Label-free HSI for Surgical Margin Assessment
Of the 15.2 million new cases of cancer each year, over 80% of cases will need surgery. The single most important predictor of patient survival for almost all solid cancers is a complete surgical resection. There are unmet clinical needs to develop innovative technologies that can help the surgeon delineate surgical margins and determine if cancer has been completely removed. Although fluorescence-guided surgery has shown promising results for improving the number of complete resections, it requires the injection of a fluorescence contrast agent. Because of cancer heterogeneity, it is unlikely that one universal agent will work for all cancers and all patients. Furthermore, the specificity and delivery of a fluorescence probe to cancer cells can be a challenging problem. Therefore, there is need to develop label-free quantitative imaging technology for objective assessment of cancer margins.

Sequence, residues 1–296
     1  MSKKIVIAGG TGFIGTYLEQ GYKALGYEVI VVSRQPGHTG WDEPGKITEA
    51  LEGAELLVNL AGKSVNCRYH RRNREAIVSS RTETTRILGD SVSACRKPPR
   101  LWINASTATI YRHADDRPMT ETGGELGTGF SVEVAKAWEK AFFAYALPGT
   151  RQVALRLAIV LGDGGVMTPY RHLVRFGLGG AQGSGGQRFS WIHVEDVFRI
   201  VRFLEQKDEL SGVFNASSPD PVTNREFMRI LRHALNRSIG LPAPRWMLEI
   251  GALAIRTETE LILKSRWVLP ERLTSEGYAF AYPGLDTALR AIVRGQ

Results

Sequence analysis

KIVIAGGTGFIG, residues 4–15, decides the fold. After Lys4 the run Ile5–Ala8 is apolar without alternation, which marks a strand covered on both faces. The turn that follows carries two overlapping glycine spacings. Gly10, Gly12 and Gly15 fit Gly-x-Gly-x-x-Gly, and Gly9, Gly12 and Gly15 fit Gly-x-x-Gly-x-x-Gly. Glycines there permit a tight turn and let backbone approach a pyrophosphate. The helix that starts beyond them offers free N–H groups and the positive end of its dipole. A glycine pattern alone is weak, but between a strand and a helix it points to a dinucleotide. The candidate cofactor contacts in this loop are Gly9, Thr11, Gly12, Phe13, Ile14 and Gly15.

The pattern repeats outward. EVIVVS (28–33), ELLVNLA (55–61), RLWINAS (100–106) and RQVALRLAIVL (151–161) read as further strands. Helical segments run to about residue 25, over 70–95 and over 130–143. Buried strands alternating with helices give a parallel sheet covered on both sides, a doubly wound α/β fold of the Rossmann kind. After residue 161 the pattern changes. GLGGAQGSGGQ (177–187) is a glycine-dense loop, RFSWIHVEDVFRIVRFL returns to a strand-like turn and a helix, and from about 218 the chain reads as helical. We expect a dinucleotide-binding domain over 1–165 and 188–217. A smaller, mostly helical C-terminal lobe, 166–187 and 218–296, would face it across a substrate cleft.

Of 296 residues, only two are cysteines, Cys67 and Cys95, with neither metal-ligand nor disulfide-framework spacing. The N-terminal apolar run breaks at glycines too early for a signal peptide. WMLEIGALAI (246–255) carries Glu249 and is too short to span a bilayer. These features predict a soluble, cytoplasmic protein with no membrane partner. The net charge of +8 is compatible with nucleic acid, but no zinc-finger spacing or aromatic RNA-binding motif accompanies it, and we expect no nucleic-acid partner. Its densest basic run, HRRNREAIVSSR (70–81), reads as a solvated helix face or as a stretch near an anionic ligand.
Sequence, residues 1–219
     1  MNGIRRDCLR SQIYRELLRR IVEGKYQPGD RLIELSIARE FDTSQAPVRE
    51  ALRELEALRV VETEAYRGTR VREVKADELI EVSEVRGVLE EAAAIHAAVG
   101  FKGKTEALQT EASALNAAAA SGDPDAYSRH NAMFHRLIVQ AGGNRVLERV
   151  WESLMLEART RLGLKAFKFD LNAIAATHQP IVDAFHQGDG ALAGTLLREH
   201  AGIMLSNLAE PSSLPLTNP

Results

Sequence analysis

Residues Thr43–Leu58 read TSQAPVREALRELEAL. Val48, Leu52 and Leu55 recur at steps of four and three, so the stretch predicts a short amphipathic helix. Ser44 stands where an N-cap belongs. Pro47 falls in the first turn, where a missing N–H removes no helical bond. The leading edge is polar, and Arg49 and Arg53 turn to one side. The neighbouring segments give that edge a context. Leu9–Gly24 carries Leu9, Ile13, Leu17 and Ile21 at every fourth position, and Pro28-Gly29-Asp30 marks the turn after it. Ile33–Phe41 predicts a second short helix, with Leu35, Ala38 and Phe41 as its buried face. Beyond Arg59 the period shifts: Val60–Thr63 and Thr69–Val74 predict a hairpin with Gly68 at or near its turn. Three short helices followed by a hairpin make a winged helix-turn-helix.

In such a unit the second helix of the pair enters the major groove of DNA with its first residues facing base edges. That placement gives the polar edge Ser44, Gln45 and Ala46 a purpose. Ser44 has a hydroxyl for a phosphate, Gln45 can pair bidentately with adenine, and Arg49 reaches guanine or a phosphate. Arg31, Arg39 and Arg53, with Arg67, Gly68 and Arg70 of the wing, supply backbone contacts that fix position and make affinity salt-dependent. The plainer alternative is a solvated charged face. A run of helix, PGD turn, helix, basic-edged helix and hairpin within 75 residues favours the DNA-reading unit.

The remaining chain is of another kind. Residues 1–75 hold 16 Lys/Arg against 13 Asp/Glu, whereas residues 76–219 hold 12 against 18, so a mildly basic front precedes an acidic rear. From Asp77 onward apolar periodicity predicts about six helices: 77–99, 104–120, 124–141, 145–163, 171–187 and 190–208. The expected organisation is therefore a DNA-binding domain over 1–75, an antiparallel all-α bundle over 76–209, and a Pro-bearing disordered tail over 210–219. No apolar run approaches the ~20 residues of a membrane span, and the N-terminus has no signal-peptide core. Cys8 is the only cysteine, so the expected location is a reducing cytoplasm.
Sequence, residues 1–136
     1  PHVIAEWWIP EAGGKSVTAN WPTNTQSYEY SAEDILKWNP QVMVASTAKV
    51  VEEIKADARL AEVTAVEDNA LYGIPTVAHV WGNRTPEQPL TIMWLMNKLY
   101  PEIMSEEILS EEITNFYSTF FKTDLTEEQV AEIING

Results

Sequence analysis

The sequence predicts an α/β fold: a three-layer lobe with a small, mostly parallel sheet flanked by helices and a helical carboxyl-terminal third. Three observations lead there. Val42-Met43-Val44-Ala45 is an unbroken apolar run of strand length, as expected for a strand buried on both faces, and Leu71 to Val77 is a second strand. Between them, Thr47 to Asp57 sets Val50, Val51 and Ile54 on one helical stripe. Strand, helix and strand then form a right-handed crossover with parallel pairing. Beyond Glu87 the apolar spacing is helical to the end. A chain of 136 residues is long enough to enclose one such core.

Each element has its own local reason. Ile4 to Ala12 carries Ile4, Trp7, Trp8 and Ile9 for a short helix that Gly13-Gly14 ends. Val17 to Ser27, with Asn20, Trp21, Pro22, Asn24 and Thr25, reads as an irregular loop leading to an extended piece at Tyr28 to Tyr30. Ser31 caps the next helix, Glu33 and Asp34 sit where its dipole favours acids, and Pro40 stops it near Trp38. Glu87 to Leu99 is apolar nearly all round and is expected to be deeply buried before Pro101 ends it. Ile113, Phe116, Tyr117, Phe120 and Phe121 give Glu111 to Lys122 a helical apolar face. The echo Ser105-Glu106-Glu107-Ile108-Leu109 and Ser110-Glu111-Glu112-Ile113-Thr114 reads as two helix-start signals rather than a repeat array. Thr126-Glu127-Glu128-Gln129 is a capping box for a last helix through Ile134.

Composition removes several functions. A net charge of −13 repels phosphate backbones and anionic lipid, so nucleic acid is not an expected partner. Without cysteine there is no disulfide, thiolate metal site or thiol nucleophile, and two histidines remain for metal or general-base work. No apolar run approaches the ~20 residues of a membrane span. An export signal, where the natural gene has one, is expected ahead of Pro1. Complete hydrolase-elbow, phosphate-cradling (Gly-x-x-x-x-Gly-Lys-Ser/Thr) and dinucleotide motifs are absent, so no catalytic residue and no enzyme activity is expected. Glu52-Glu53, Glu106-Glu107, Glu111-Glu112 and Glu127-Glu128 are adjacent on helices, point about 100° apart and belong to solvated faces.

The rationale behind HSI technology for cancer detection includes: i) the spectral difference between malignant and benign tissue can be due to the differences in the contents of the cancer microenvironment. Cancerous tissue can have different fluorophores and contains a large number of endogenous biological fluorophores. Common tissue fluorophores include the aromatic amino acids (tryptophan, tyrosine and phenylalanine), the cofactor reduced NADH, flavins, porphyrins, collagen and elastin. NAD+ and NADH differ in their fluorescence and the properties of the fluorescence signal changes when NADH binds to proteins. The changes in fluorescence are used to measure changes in the redox state of living cells through fluorescence microscopy. As inflammation often orchestrates the microenvironment around tumors and causes swelling, any fluid loss or gain can seriously influence the optical properties of the tissue. ii) Malignant and benign cells have different physical properties that cause the changes in relative refraction index and in light scattering in tissue. The shape and organization of the nuclei of cancer cells can be markedly different from that of the nuclei of normal cells of the same origin. Tissue compression and stretching can produce significant changes in optical transmission and scattering. Close packing of malignant cells can cause less scattering due to cooperative effects. Change in blood supplies due to tumor angiogenesis can lead to significant change of tissue optical properties. These biological and physical factors are related to the properties of cancer tissue and will leave distinctive fingerprints in their optical spectra.